The view to the clubhouse at Eagle Point Golf Club.

The view to the clubhouse at Eagle Point Golf Club.

at Chambers Bay, Jones asked Hyer about the totem pole, a gift from a golf course owner in British Columbia which he had placed near Eagle Point’s third tee box in the mid-’90s. The carved 26-foot art piece had aged and weathered. Hyer arranged for artist Deborah Lynn Hutchings to research the colors and paints on the original.  She treated, primed, and finally restored the pole to brilliance in time for Jones’s celebratory visit in October 2013.The pole is an appropriate symbol for the course’s renewal. It is still visited by acorn woodpeckers, as one can see upon close inspection. Crevices in the artwork, as well as holes chiseled by sharp beaks, serve as woodpeckers’ pantries filled with acorns stored for later consumption. But, the pantry is colorful and attractive, and signifies Hyer’s aspiration to make Eagle Point even more of a golf destination–a place where you feel like you’re at home – the “Cheers” of golf.

Regular Joe
Bob Hyer has made himself a welcome addition to Eagle Point. He is personable and approachable, and members seem pleased with his attention to the course. The whole atmosphere has lightened and brightened. He emphasizes that his attention is directed first of all to the club’s members and their needs.

The employees at Eagle Point mirror Hyer’s familial nature. Robbie Stassi, the new teaching pro, is starting a new instructional program. Chris Berg, the new chef, has turned Talon’s Grill into a first-rate restaurant. Omar at the bar is very attentive and welcoming. Tish, the girl in the hospitality cart, was friendly and good-natured. Hunter DeLange, the sturdy young man behind the counter in the golf shop, has worked his way up from managing the golf carts to now being able to run tournaments. And everybody knows my name. Eagle Point has truly reclaimed the title of “the Cheers of Golf.”

Eagle Point at a Glance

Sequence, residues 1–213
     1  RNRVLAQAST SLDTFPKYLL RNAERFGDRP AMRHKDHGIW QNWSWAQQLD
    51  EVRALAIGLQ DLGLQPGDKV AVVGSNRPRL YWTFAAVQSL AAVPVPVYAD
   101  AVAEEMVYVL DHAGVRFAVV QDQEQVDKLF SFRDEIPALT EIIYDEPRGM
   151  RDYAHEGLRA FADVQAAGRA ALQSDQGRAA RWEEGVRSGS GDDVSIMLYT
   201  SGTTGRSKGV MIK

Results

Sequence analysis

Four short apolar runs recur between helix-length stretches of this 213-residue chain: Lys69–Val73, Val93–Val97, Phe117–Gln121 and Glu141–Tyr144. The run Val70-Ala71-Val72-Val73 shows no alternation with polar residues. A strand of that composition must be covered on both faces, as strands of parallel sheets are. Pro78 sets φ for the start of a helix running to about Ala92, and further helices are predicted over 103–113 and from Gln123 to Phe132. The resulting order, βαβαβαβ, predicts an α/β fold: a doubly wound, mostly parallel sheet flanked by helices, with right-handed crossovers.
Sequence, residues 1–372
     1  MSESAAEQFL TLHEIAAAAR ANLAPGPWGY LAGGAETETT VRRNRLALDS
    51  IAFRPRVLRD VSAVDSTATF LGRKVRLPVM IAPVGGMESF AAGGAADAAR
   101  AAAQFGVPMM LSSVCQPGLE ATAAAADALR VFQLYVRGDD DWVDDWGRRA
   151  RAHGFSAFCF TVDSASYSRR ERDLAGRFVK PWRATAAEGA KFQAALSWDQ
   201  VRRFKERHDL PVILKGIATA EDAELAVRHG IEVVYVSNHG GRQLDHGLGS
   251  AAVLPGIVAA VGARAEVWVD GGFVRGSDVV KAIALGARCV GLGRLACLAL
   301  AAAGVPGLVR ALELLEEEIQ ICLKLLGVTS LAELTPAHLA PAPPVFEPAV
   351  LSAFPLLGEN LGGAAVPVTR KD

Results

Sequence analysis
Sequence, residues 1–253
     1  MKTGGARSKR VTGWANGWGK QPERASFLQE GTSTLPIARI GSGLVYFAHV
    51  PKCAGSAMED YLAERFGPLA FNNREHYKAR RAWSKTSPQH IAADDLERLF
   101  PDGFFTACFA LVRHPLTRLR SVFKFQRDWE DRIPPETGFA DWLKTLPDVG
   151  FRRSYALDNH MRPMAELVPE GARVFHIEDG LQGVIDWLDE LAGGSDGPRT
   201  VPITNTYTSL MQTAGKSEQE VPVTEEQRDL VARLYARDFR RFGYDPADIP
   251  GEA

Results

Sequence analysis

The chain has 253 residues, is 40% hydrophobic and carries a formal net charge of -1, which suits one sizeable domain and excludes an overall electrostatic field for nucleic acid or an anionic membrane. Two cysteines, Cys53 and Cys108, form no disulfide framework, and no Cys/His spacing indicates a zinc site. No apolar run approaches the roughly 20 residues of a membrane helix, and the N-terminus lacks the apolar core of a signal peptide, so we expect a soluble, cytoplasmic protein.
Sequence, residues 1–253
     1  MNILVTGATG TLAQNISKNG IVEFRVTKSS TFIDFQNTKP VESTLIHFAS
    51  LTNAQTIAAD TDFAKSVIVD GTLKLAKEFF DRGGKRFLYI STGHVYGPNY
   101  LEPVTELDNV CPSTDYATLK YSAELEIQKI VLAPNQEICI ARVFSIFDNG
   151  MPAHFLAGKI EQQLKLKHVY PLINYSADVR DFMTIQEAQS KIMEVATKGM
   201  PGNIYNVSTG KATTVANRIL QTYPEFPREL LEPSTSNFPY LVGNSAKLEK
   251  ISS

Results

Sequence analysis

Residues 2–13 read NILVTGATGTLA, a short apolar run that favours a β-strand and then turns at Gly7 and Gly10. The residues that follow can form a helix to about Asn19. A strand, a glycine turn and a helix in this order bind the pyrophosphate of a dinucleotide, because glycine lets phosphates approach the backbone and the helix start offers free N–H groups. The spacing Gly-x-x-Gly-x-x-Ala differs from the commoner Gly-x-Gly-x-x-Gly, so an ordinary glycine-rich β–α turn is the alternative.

Stay and Play: Lodging

Eagle Point golf has a new stay-and-play partner:  Courtyard by Marriott in nearby Medford. The package ($194, plus tax) includes a room with one king-size bed or two queen-size, free breakfast, a round of golf with cart and a free range bucket.

Contact info:

Eagle Point Golf Club
100 EaglePoint Drive
Eagle Point, OR 97524

The kid takes the lead to the weekend

ANYBODY WAITING on a return phone call from Jordan Spieth should realize a) he’s young and b) he’s busy acting like the best player on the planet.

If you’re Commander Zero, you settle for keeping the dude plugged into the front row on his Yahoo fantasy team. It worked Friday, when the phee-nom, playing with T. Woods, shot 63 at Torrey Pines, good for the day’s low round and the lead heading to the weekend at the Farmers Insurance Open.

Tiger his own self shot 71 Friday a day after an opening 72, so he’s in middling shape but in the field. He keeps the starting spot over Phil Mickelson, of the aching back, who actually has a stroke lead over Woods after two rounds but Zero hears what he hears — Lefty is hurtin’.

Status quo works in the B-List ranks … we’ll see who makes a move among Haas, Stuard and Mahan, all of whom are chasing Spieth.

Charley Hoffman, the C-List starter, keeps his spot and looks good heading home in 11th place after a 69-70 start.

Zero just loves these guys, for this week, anyway, and gee whiz, they’re good, so don’t do him wrong or there will be consequences.

Zero is movin’ on up, blowing right past 60,000 all the way to 58,704th place, which, if you’re keeping track at home, is all the way up to the 20th percentile,

Percentile, if you’re wondering, means a certain percentage are above you and a (much smaller) percentage sits below you. Such is the story of Zero’s life.

Tiger and Phil: If you could, would you?

THIS WEEK THE STUDS COME OUT, and so Commander Zero, being smarter than the average Yahoo, will disregard their looming hugeness and go with only dark horses at the Farmers Insurance Open at Torrey Pines.

Maybe not so much …